Ed Mauro

Few people have done as much for golf in Rhode Island as Ed Mauro. An outstanding player, he won the State Amateur in 1965. He was among the top contenders in that event, and others, for many years. He also was a finalist in the Amateur in 1958, losing to Hall of Famer Bobby Allen.

Mauro began giving back to the game even as he played, serving the Association in a number of ways, including as president. He was among the prime movers in a renovation at Point Judith that culminated with the course hosting the 1998 State Amateur.

Still, Mauro’s most long-lasting legacy not just to the RIGA but to all of golf will be the Button Hole Short Course and Teaching Center. A decade ago, when the United States Golf Association was launching its “For the Good of the Game’’ Initiative, David Fay, the USGA’s Executive Director, invited Mauro to New Jersey. The plan was to have Mauro observe work the USGA was doing in developing short courses, specifically facilities designed for children.

Mauro not only picked up the ball. He began running with it and still is. He organized the Golf Foundation of Rhode Island, a non-profit group, and began a search. A number of communities offered land, but Mauro waited until he found property in one of the most challenged areas in Rhode Island. More than 25,000 disadvantaged children live within three miles of the site, a former gravel pit on the Providence-Johnston line, which is now leased from the state for $1 per year.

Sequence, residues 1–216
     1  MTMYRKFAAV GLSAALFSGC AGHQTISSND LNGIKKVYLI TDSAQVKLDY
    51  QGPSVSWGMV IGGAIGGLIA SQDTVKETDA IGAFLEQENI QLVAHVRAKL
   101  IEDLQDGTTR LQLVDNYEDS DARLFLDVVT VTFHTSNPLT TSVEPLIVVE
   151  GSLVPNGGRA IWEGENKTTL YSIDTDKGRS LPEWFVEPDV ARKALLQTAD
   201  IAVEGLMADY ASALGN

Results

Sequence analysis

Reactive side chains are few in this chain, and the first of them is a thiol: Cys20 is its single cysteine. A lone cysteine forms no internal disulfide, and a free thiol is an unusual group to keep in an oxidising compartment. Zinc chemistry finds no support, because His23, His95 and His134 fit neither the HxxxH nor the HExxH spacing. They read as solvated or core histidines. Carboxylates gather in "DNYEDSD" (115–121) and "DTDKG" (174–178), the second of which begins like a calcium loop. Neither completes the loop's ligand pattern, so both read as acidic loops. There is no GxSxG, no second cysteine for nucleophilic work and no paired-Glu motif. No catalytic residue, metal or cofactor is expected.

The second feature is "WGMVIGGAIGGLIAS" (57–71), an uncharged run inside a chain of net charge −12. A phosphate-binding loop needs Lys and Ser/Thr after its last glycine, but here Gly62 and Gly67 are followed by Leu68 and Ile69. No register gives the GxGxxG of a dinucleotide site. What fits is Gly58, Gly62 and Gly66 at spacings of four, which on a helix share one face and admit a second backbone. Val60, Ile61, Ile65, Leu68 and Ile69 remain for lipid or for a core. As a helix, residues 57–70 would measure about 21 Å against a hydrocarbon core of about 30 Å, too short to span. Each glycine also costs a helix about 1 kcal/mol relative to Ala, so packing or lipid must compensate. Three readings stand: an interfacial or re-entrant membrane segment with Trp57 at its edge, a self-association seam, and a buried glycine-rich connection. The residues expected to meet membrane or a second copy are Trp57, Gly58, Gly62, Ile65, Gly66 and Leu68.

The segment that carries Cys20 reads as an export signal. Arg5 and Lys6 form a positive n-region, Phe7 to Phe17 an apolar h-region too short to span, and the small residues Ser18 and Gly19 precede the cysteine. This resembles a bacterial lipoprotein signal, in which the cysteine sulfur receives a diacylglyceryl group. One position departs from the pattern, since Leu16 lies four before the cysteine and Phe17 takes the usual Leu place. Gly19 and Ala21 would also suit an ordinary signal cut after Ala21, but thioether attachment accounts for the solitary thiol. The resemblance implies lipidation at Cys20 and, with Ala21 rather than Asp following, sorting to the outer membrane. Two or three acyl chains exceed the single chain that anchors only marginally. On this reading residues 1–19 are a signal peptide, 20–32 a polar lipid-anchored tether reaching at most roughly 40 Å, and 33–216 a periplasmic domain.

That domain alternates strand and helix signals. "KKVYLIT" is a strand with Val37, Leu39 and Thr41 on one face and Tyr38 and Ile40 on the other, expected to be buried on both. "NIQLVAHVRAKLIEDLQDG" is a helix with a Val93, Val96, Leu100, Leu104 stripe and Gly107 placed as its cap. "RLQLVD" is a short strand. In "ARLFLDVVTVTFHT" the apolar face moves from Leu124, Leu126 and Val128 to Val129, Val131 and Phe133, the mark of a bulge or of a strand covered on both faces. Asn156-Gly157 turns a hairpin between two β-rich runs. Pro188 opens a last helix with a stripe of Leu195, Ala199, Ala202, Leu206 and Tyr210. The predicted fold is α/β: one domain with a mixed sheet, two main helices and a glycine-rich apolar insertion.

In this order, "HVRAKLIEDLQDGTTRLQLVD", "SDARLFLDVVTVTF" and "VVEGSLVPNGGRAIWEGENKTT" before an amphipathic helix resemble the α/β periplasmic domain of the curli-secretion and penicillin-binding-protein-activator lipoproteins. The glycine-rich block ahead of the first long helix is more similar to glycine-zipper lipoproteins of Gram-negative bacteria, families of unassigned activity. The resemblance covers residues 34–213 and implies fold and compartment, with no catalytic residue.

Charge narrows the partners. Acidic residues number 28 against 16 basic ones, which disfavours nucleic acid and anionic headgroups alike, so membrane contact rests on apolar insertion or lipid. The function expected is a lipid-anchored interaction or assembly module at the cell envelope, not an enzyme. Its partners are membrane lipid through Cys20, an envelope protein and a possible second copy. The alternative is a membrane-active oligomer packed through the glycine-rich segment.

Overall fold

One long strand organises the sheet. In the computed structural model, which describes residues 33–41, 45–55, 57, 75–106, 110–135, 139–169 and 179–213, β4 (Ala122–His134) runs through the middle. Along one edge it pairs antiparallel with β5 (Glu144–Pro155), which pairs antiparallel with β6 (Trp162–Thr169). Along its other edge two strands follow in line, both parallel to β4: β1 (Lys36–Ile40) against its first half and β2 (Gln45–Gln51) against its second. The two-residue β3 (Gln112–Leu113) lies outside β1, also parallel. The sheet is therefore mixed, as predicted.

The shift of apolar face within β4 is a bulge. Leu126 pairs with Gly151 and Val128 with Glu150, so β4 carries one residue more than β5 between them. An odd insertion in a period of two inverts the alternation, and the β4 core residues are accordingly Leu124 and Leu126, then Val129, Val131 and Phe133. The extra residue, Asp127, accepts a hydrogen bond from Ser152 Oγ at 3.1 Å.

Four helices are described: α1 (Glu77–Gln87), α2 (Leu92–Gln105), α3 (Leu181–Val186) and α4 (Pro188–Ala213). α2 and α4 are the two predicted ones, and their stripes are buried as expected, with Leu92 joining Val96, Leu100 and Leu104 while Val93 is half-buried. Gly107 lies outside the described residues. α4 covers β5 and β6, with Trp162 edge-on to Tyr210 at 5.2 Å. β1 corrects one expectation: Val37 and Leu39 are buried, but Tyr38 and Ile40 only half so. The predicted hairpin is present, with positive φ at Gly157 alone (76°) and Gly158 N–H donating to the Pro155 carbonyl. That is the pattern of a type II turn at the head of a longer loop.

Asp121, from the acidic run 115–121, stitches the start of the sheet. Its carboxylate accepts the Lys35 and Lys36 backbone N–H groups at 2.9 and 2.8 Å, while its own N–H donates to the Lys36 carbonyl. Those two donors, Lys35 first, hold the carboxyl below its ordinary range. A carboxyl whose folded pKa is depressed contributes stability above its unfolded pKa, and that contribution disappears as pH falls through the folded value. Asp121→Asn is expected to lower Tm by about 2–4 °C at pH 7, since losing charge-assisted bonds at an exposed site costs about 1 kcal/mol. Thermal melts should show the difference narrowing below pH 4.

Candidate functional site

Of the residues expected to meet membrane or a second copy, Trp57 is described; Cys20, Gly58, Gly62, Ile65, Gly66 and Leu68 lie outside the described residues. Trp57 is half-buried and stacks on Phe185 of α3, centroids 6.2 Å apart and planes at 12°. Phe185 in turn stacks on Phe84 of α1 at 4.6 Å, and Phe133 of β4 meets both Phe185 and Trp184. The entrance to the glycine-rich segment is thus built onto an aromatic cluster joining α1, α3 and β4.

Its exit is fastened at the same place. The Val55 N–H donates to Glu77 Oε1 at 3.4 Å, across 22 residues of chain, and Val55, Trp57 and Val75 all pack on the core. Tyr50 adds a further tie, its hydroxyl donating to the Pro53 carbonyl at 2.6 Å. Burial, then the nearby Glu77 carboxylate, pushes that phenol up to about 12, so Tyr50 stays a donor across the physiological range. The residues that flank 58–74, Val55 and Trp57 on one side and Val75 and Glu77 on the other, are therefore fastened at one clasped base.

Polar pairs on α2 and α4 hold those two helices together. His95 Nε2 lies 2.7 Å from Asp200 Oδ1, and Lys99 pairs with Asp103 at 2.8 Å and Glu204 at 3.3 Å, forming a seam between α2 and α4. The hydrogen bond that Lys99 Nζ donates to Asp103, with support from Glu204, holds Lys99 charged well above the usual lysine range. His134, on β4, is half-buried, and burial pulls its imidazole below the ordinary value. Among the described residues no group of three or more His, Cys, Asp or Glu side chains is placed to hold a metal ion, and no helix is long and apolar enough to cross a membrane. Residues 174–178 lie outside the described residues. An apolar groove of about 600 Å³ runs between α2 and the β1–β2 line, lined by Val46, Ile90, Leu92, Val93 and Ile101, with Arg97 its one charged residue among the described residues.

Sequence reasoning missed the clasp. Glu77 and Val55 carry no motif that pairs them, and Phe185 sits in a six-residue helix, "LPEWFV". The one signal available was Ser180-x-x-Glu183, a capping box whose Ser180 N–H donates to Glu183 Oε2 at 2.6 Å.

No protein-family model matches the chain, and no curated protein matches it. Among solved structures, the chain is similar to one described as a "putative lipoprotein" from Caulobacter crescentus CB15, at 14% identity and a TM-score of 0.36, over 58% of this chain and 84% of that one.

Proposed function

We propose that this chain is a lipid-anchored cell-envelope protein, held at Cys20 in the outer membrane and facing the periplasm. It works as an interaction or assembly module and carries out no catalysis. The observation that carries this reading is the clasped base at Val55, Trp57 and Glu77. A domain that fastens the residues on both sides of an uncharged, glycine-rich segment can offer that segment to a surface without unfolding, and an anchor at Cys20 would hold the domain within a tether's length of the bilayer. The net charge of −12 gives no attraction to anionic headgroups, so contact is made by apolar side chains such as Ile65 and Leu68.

Mauro and his board worked tirelessly in raising funds and the course opened six years ago with a simple mission: To enrich the lives of young people by providing facilities and programs that develop strong character, teach life values and champion success through the game of golf. Youngsters who become “Button Hole Kids’’ use the facility for $1.

PGA Tour stars Brad Faxon and Billy Andrade became active supporters. RIGA moved its office to the site, which includes not only a nine-hole course but a driving range and practice area. Since 2001, Button Hole has involved more than 1,000 youngsters annually, giving many who never would have had the opportunity exposure to the game and its values.